In fact, before reading The Boys In The Boat, if you’d asked me, “What’s less interesting than competitive rowing?” I would have said, “Nothing! What else can we talk about?”  But I had similar thoughts about horse racing before reading Seabiscuit, about running the mile before reading The Perfect Mile, about running in general before reading Bowerman And The Men Of Oregon, and about the history of Formula 1 racing before reading The Limit.  

 But of course, these books were great not because of the sports they profiled, but because of the people involved.

Not only is Brown’s book interesting, It’s thrilling, and he’s a fantastic writer.  The people in the story are a pleasure to know.  I can’t remember the last time I enjoyed a book about sports and competition this much.  If you like stories about scrappy underdogs beating the odds, this is the book for you.

The Ocean at the End of the LaneThe Ocean At The End of the Lane by Neil Gaiman

Someone recently asked me what the best part of being a debut author with an upcoming book.  “Getting a sneak peek at Neil Gaiman’s new book,” I said immediately. And truer words have never passed my lips.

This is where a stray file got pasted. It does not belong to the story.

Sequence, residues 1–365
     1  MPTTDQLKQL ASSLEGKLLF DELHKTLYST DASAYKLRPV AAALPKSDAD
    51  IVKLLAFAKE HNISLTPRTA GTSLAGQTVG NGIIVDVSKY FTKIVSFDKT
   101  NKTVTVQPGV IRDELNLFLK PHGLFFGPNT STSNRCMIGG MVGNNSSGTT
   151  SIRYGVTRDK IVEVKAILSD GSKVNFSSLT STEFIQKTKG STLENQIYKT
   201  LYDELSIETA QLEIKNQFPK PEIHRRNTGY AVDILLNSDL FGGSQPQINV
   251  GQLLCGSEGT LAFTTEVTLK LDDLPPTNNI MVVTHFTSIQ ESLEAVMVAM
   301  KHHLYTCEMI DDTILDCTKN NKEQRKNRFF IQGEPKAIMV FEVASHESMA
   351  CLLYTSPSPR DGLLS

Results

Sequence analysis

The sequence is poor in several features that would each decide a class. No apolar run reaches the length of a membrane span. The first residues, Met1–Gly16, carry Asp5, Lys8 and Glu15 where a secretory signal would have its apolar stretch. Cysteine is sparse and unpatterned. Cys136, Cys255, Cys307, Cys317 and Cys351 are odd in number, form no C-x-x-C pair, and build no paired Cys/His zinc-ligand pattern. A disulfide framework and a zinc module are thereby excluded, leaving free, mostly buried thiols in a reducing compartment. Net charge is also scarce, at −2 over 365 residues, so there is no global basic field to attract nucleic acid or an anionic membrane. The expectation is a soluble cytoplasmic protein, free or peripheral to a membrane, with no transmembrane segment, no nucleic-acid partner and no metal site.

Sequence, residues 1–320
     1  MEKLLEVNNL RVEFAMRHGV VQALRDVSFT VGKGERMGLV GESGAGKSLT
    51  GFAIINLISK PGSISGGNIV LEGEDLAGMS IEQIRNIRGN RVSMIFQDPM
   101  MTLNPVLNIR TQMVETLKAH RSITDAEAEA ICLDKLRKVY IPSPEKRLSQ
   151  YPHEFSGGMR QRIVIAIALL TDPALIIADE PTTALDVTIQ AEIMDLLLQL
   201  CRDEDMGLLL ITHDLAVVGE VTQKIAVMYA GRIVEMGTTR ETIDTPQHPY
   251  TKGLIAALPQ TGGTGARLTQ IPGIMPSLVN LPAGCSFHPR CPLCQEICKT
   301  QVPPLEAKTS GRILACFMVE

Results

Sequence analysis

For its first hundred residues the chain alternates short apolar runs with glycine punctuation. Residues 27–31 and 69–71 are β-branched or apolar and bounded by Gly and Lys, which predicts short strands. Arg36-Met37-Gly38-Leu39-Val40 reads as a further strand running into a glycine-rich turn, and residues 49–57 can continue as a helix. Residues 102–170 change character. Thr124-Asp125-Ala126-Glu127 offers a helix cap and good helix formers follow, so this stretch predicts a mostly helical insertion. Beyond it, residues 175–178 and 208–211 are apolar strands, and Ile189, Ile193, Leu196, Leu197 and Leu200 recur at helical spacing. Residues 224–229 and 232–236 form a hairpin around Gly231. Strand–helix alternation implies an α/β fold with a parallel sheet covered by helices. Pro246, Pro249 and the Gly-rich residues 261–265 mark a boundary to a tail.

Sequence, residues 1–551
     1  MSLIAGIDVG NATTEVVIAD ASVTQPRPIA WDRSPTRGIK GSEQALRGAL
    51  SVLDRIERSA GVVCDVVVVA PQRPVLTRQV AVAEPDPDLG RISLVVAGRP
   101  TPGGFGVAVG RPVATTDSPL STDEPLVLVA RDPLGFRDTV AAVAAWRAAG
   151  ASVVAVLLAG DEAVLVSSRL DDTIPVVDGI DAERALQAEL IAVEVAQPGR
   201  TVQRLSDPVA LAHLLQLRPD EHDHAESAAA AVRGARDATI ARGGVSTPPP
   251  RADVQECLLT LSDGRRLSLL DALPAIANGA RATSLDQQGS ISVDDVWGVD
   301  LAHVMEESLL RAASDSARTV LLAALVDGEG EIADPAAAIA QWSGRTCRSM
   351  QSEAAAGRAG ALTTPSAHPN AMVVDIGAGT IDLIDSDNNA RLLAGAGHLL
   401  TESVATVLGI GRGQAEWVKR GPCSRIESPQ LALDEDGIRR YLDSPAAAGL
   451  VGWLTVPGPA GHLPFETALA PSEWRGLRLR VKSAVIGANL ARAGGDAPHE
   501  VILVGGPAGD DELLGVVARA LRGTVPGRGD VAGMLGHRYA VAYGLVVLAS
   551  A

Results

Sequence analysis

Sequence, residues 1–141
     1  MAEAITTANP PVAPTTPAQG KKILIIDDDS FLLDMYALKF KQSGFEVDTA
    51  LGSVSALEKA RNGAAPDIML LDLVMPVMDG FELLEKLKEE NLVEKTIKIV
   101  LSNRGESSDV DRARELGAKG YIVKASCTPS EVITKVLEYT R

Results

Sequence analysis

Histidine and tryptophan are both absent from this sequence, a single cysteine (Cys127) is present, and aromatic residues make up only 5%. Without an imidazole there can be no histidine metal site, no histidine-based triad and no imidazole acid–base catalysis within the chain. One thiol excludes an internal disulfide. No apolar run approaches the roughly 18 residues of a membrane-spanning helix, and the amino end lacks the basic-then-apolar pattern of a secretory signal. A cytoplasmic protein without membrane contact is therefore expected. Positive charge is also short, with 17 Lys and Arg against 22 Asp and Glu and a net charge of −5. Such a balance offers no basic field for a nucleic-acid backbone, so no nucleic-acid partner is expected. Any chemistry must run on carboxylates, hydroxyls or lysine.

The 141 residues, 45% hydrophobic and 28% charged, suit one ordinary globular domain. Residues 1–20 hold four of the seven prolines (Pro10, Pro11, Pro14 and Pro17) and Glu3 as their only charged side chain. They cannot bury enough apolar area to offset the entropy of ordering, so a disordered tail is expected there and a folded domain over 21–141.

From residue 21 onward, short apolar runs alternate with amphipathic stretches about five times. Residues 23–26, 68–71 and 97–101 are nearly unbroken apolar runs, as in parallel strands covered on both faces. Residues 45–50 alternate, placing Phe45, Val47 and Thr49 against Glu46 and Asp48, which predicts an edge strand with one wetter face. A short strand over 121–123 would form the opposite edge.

If I’d read The Ocean At The End of the Lane as a child, I don’t know if I ever would have recovered.  This book contains what might be the most terrifying scene I can think of for a young boy.  When you get to the bathtub scene, you’ll know what I’m talking about.  My favorite thing about Gaiman is that he tells stories of impossibly strange worlds, while hinting at worlds behind the stories that are more unusual yet.  Ocean is a masterpiece of potent, concise thrills.

This is Neil Gaiman, so…you’re probably going to read it no matter what the story is. But okay, the plot:  A young boy unleashes a creature from another world and gets into a world of trouble.  That might sound like a story that could have come from any writer, but if you know Neil, you can guess that it’s not.

The Never List by Koethi Zahn

I read The Never List in one night and stayed up too late doing so. In the early pages, two women are abducted.  They awaken in a cellar, shackled to the walls with two other women.  Three years later, our narrator escapes.  The story picks up years after that and involves her abductor’s potential parole, the letters he is sending to her and his other victims, and a cult that would have fit right into a season of Dexter. The Never List  reminds me of Chelsea Cain but not as gruesome, and Gillian Flynn without the sick humor.  If you can have fun with an ugly, nasty story, check this out. You know who you are.